Abstract / Bemerkung
The detection of road layout and semantics is an important issue in modern Advanced Driving Assistance Systems (ADAS) and autonomous driving systems. In particular, trajectory planning algorithms need a road representation to operate on: this representation has to be spatial, as the system needs to know exactly on which areas it is safe to drive, so that they can safely plan fine maneuvers. Since typical trajectories are computed for timespans in the order of seconds, the spatial detection range needed for the road representation to achieve a stable and smooth trajectory is in the tenths to hundreds of meters. Direct detection, i.e. the usage of sensors that detect road area by direct observation (e.g. cameras or lasers), is often not sufficient to achieve this range, especially in inner-city, due to occlusions caused by various obstacles (e.g. buildings and high traffic) as well as hardware limitations. State-of-the-art systems cope with this problem by employing annotated road maps to complement direct detection. However, maps are expensive to make and not available on every road. Furthermore, ego-localization is a key issue in their usage. This thesis presents a novel approach that creates a spatial road representation derived from both direct and indirect road detection, i.e. the detection and interpretation of other cues for the purpose of inferring the road area layout. Direct detection on monocular images is provided by RTDS, a feature-based detection system that provides road terrain confidence. Indirect detection is based on the interpretation of the other vehicles' behavior. Since our main assumption is that vehicles move on road area, we estimate their past and future movements to infer the road layout where we cannot see it directly. The estimation is carried out using a function that models the probability for each vehicle to traverse each patch of the representation, taking into account position, direction and speed of the vehicle, as well as the possibility of small past and future maneuvers. The behavior of each vehicle is used not only to infer the area where road is, but also to infer where there is not. In fact, observing a vehicle steering away from an area it was predicted to go can be interpreted as evidence that said area is not road. The road confidences provided by RTDS and behavior interpretation are blended together by means of a visibility function that gives different weights to the two sources, according to the position of the patch in the field of view and possible occlusions that would prevent the camera to see the patch, thereby leading to unreliable results from RTDS. The addition of indirect detection improves the spatial range of the representation. It also exploits the scenarios of high traffic that are the most challenging ones for direct detection systems, and allows for the inclusion of additional semantics, such as lanes and driving directions. Geometrical considerations are applied to the road layout, obtaining a distributed measure of road width and orientation. These values are used to segment the road, and each segment is then divided into multiple lanes based on its width and the average width of a lane. Finally, a driving direction is assigned to each lane by observing the behavior of the other vehicles on it. The road representation is evaluated by comparison with a ground truth obtained from manually annotated real world images. As in most cases the entirety of road area cannot be seen in a single image (a problem that human users share with direct detection systems), every road is annotated in multiple different images, and the road portions observed are converted into BEV and fused together using GPS to form a comprehensive view of said road. This ground truth is then compared patch-wise to the representation obtained by our system, showing a clear improvement with respect to the representation obtained by RTDS alone. In order to demonstrate the advantages of our approach in concrete applications, we set up a system that couples our road representation with a basic trajectory planner. The system reads real-world data, recorded by a mobile platform. The representation is computed at each frame of the stream. The trajectory planner receives the current state of the ego-car (position, direction and speed) and the location of a target area (from a navigational map), and finds the path that leads to the target area with minimum cost. We show that indirect road detection complements direct detection in a way that leads to a substantial increase in spatial detection range and quality of the internal road representation, thereby improving the smoothness of trajectories that planners can compute, as well as their robustness over time, since the road layout in the representation does not dramatically change only when a new road is visible. This result can help autonomous driving systems to achieve a more human-like behavior, as their improved road awareness allows them to plan ahead, including areas they do not see yet, just as humans normally do.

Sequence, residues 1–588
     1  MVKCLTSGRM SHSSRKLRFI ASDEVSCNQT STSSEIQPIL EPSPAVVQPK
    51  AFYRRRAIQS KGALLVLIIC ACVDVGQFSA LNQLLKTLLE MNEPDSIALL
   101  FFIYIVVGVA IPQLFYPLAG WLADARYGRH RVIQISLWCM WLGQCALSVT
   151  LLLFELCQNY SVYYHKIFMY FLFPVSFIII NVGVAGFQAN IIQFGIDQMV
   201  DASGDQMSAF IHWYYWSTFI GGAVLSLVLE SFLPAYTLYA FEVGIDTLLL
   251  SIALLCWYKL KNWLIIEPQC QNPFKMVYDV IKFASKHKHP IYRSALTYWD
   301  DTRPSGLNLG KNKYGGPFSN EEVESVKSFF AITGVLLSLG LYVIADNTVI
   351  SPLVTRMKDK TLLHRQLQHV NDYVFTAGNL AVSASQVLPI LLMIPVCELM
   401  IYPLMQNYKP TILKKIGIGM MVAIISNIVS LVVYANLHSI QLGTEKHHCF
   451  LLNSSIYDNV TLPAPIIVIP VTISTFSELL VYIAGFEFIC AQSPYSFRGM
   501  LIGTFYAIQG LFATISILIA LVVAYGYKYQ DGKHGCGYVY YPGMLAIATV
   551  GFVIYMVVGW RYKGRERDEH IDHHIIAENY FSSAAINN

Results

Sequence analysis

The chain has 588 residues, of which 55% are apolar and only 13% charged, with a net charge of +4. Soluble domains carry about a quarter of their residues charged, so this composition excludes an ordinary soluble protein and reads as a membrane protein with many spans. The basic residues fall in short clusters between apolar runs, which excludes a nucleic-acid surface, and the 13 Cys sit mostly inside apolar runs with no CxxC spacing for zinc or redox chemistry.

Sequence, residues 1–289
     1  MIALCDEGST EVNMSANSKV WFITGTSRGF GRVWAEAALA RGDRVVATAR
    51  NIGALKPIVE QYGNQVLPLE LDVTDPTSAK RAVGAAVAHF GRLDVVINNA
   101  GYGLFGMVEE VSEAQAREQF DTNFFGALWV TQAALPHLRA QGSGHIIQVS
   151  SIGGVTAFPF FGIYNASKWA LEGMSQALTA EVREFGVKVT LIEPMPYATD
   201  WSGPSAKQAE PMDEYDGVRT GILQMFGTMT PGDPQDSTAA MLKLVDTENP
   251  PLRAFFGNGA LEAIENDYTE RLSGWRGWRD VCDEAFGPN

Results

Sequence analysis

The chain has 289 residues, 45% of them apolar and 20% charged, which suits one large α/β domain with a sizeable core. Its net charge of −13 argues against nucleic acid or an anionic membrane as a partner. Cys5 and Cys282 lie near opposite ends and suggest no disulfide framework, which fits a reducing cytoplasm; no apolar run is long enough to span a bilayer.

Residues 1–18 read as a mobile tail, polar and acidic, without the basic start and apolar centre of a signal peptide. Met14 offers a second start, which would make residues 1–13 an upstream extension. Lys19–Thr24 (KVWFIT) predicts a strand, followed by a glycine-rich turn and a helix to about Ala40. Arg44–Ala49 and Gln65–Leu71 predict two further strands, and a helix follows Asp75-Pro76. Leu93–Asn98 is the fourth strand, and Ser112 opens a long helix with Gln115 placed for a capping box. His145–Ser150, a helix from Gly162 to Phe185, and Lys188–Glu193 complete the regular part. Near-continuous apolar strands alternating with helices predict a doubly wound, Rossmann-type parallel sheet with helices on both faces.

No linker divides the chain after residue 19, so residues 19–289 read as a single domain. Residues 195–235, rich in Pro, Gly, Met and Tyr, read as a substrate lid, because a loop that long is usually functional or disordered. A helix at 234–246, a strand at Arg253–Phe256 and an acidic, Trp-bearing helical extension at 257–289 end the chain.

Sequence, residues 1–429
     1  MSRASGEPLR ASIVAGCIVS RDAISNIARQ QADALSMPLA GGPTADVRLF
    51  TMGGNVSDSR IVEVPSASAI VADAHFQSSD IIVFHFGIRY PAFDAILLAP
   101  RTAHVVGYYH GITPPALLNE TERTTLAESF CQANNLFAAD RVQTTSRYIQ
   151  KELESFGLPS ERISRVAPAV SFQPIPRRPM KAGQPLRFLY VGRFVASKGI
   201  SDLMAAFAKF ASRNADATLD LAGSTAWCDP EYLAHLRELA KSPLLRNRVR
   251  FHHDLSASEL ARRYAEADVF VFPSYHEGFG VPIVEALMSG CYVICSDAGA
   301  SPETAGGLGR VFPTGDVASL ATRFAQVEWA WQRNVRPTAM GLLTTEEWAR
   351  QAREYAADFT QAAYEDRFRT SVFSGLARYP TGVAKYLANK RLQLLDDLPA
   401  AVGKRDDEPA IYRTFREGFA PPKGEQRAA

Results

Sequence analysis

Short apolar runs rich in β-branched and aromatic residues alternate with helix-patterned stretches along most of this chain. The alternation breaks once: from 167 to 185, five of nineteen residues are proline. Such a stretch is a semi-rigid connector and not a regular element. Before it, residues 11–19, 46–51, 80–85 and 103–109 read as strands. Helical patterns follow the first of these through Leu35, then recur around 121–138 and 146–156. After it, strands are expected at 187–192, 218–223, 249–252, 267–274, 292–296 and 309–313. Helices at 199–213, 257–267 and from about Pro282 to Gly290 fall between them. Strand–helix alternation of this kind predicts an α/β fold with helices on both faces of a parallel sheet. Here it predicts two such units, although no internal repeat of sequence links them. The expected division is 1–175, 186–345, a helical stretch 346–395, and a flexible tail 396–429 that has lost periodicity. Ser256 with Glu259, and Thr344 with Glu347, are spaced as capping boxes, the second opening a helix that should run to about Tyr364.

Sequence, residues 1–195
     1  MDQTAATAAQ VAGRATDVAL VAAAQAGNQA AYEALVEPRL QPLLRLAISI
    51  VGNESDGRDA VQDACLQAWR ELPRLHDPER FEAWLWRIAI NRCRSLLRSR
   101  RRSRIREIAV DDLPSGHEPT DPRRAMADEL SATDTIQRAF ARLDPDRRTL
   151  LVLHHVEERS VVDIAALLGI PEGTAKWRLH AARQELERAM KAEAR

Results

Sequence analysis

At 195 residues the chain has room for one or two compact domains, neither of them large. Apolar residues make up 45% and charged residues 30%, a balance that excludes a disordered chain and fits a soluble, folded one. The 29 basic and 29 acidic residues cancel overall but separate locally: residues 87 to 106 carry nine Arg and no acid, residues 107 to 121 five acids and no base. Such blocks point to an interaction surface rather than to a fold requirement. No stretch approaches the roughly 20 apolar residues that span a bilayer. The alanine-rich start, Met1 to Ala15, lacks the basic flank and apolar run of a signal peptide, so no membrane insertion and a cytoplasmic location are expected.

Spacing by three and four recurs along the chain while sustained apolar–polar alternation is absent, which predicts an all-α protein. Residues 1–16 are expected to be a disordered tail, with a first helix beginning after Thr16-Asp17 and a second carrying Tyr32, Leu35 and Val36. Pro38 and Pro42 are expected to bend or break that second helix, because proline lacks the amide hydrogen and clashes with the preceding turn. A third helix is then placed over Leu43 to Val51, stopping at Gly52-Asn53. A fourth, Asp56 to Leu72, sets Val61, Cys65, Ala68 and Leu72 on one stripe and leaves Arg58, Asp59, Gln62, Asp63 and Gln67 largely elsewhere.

Casapietra E. Spatial Road Representation for Driving in Complex Scenes by Interpretation of Traffic Behavior. Bielefeld: Universität Bielefeld; 2019.
Casapietra, E. (2019). Spatial Road Representation for Driving in Complex Scenes by Interpretation of Traffic Behavior. Bielefeld: Universität Bielefeld. doi:10.4119/unibi/2933040
Casapietra, E. (2019). Spatial Road Representation for Driving in Complex Scenes by Interpretation of Traffic Behavior. Bielefeld: Universität Bielefeld.
Casapietra, E., 2019. Spatial Road Representation for Driving in Complex Scenes by Interpretation of Traffic Behavior, Bielefeld: Universität Bielefeld.
E. Casapietra, Spatial Road Representation for Driving in Complex Scenes by Interpretation of Traffic Behavior, Bielefeld: Universität Bielefeld, 2019.
Casapietra, E.: Spatial Road Representation for Driving in Complex Scenes by Interpretation of Traffic Behavior. Universität Bielefeld, Bielefeld (2019).
Casapietra, Edoardo. Spatial Road Representation for Driving in Complex Scenes by Interpretation of Traffic Behavior. Bielefeld: Universität Bielefeld, 2019.